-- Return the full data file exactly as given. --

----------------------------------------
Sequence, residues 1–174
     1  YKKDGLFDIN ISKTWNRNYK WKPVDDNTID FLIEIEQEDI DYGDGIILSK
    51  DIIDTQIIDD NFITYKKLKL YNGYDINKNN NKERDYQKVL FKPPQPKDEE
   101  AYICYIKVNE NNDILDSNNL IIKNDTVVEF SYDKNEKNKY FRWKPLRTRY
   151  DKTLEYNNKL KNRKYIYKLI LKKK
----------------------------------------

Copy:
Sequence, residues 1–174
     1  YKKDGLFDIN ISKTWNRNYK WKPVDDNTID FLIEIEQEDI DYGDGIILSK
    51  DIIDTQIIDD NFITYKKLKL YNGYDINKNN NKERDYQKVL FKPPQPKDEE
   101  AYICYIKVNE NNDILDSNNL IIKNDTVVEF SYDKNEKNKY FRWKPLRTRY
   151  DKTLEYNNKL KNRKYIYKLI LKKK